Editorial Addendum

Oncology teaching in Australian medical schools: opportunities for patient-centred change

Within a poignant reflection and critical analysis of Australian medical school curricula, Bravery’s article ‘Oncology teaching in Australian medical schools: opportunities for patient-centred change’ brings to light the growing importance of cancer education for medical trainees and the need for meaningful integration with the existing curricula.

It has been nearly a decade since the publication of the Ideal Oncology Curriculum for Medical Students by the Oncology Education Committee (OEC), originally as part of the Cancer Council Australia (CCA) [1]. To date, multidisciplinary members of the OEC remain active and dedicated to improving oncology education across Australia and New Zealand with advocacy, collaboration with medical schools, and development of resources such as the free e-book “Clinical Oncology for Medical Students” [2].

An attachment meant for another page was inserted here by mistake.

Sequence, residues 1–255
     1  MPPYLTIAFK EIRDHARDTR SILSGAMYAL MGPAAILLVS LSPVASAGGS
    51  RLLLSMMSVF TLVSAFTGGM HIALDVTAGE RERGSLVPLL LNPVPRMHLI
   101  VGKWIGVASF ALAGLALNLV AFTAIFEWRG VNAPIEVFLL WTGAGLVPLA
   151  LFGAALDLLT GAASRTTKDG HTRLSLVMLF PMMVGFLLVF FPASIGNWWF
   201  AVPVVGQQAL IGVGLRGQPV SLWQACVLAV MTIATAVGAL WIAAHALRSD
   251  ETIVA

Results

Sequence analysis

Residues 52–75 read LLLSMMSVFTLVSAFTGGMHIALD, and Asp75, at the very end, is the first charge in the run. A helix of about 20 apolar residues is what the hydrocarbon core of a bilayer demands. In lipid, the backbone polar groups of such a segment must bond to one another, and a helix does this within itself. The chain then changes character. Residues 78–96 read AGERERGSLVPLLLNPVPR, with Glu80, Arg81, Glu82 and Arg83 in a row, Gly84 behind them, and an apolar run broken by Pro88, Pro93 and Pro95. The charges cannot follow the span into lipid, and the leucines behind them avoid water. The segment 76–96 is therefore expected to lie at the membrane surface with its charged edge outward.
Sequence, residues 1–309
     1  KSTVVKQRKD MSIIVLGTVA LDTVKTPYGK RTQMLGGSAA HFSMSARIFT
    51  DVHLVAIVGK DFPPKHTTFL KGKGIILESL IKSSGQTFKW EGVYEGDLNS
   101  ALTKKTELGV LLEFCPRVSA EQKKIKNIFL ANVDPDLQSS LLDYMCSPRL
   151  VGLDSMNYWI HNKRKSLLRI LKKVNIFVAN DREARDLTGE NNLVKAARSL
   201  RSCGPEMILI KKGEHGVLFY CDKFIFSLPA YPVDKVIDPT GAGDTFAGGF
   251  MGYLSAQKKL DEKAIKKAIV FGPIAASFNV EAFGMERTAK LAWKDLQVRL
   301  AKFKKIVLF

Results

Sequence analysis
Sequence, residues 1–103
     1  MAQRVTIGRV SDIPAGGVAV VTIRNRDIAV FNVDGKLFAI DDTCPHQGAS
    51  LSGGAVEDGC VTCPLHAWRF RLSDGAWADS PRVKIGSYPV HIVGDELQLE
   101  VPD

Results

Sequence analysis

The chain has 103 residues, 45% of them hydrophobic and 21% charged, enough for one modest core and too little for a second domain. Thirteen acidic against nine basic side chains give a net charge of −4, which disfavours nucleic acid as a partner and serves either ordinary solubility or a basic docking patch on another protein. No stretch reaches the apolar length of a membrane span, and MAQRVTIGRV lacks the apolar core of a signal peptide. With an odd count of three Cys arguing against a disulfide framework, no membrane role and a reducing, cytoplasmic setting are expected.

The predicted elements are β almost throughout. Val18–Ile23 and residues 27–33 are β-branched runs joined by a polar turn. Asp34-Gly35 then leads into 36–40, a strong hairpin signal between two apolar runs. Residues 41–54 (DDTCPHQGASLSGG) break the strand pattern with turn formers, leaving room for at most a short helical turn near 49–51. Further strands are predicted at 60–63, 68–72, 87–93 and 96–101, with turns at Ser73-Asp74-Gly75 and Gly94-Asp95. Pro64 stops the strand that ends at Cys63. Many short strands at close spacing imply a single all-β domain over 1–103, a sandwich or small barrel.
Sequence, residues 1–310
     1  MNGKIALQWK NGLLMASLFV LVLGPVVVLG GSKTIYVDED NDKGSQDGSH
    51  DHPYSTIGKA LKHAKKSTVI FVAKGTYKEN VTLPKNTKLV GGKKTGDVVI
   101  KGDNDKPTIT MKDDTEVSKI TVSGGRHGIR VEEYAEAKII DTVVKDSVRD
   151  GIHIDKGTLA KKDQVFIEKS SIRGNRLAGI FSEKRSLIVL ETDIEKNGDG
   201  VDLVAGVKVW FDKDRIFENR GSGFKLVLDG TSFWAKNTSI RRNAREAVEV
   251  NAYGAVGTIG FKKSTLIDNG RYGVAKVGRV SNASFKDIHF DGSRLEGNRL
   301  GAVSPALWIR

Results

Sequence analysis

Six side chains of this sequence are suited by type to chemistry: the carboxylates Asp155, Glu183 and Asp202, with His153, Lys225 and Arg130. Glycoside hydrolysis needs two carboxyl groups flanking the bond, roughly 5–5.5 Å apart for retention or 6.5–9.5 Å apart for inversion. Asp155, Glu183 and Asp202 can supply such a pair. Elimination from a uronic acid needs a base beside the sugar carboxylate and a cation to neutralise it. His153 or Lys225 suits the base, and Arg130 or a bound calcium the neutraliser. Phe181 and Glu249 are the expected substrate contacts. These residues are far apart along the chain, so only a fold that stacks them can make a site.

Australia has been one of the first countries internationally to present a national framework for the standard of oncology education. The CCA discontinued its affiliation with the OEC in late 2016, and the Clinical Oncology Society of Australia has not taken responsibility of the OEC. Within this changing landscape of medical education, increasing medical schools and work-force shortages, a growing proportion of paediatric and adult populations continue to be affect-ed and at-risk of cancer. It becomes even more important for students, medical schools, clini-cians and bodies such as the Australian Medical Council alike to be cognisant and proactive in promoting a high standard of oncology education in foundational years of training.

[1] Oncology Education Committee. Ideal Oncology Curriculum for Medical Schools [Inter-net]. The Cancer Council Australia, 2007 [cited 2017 Jul 22]. Available from:

[2] Sabesan S, Olver I. Clinical Oncology for Medical Students [Internet]. Sydney: Cancer Council Australia; 2015 [cited 2017 Jul 22]. Available from: